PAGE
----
After leaving Philadelphia, I received intimation that the passage through the city of Baltimore would be resisted.1 I caused ammunition to be distributed and arms loaded, and went personally through the cars, and issued the following order; viz.,—The regiment will march through Baltimore in columns of sections, arms at will. You will undoubtedly be insulted, abused, and perhaps assaulted, to which you must pay no attention whatever, but march with your faces square to the front, and pay no attention to the mob, even if they throw stones, bricks, or other missiles; but if you are fired upon, and any one of you are hit, your officers will order you to fire. Do not fire into any promiscuous crowds, but select any man whom you may see aiming at you, and be sure you drop him.Reaching Baltimore, horses were attached the instant that the locomotive was detached, and the cars were driven at a rapid pace across the city. After the cars containing seven companies had reached the Washington Depot, the track behind them was barricaded, and the cars containing band and the following companies; viz., Company C, of Lowell, Captain Follansbee; Company D, of Lowell, Captain Hart; Company I, of Lawrence, Captain Pickering; and Company L, of Stoneham, Captain Dike,—were vacated by the band; and they proceeded to march in accordance with orders, and had proceeded but a short distance before they were furiously attacked by a shower of missiles, which came faster as they advanced. They increased their step to double-quick, which seemed to infuriate the mob, as it evidently impressed the mob with the idea that the soldiers dared not fire or had no ammunition; and pistol-shots were numerously fired into the ranks, and one soldier fell dead. The order, “Fire,” was given, and it was executed; in consequence, several of the mob fell, and the soldiers again advanced hastily. The Mayor of Baltimore placed himself at the head of the column, beside Captain Follansbee, and proceeded with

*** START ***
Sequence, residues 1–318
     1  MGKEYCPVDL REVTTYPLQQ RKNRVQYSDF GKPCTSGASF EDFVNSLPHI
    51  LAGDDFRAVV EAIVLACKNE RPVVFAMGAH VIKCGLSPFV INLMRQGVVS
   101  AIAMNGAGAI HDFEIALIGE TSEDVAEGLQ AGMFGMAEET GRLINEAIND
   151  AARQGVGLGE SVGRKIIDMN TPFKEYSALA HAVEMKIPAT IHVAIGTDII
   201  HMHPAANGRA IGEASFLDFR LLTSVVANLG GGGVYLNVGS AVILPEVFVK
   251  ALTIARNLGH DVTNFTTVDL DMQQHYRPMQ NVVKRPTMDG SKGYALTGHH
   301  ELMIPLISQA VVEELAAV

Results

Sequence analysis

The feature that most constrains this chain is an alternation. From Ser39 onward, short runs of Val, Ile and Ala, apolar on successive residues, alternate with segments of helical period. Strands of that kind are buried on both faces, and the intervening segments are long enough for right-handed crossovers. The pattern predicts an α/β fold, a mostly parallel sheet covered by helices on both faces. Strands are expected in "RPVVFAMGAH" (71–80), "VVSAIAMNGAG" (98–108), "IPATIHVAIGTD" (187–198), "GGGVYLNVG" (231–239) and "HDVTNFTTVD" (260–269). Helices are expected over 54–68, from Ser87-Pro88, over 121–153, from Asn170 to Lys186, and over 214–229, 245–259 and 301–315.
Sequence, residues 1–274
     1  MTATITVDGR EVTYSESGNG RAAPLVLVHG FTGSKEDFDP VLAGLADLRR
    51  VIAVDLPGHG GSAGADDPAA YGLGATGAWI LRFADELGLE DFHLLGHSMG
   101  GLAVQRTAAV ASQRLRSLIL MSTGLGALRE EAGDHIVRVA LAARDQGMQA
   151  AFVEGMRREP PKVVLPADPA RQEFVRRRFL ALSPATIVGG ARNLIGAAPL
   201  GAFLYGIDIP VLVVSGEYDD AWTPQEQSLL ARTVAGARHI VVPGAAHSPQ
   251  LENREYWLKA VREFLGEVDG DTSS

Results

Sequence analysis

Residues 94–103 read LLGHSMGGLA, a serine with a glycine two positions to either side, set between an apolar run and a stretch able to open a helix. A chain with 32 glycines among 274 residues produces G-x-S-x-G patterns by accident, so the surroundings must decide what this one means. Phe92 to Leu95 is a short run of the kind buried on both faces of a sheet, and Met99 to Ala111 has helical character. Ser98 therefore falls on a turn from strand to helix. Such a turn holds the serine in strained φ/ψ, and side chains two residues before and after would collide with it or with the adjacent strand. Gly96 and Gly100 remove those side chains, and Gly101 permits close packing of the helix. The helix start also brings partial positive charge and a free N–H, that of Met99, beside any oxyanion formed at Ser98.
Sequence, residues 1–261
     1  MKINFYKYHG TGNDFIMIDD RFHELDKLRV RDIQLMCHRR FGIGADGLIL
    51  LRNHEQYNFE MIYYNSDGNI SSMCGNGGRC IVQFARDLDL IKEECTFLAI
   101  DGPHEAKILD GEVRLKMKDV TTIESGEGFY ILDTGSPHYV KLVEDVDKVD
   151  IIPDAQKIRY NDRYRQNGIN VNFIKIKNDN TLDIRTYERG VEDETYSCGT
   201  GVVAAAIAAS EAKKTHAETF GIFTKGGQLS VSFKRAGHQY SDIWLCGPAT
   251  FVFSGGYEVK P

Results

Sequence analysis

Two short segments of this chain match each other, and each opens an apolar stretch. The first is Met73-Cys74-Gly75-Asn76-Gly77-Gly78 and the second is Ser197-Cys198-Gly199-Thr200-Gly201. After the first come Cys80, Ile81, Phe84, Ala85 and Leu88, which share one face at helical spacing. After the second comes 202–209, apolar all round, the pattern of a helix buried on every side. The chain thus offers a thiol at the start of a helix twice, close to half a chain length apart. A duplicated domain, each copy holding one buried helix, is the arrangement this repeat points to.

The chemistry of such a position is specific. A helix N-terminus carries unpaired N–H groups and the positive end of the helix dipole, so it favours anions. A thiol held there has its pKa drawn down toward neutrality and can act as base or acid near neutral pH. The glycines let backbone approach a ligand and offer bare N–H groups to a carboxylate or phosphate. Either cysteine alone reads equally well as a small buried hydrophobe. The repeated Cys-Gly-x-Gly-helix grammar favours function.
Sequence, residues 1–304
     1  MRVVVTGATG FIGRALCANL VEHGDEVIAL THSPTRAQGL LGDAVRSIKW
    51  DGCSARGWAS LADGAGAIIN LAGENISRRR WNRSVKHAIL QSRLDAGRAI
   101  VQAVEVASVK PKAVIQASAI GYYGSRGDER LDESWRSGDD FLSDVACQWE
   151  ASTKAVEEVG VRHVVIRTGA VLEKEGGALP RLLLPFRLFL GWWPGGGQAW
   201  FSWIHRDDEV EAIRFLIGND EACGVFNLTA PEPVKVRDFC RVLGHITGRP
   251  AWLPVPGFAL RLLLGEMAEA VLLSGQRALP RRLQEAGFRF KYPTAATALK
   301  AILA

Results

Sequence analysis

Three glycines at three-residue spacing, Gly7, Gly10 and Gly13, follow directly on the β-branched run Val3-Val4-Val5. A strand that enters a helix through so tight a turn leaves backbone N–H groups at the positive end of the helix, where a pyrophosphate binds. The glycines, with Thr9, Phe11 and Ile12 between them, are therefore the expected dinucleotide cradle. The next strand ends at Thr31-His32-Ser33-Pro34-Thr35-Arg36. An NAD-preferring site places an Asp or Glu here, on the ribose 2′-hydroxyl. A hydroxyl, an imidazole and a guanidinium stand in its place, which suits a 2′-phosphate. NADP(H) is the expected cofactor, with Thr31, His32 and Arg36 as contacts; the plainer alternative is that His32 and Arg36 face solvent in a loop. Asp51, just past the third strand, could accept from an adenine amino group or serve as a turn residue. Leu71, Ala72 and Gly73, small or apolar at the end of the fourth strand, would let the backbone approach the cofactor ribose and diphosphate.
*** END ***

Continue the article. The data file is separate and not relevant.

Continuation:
This text is part of:
Table of Contents:
This work is licensed under a Creative Commons Attribution-ShareAlike 3.0 United States License.
An XML version of this text is available for download, with the additional restriction that you offer Perseus any modifications you make. Perseus provides credit for all accepted changes, storing new additions in a versioning system.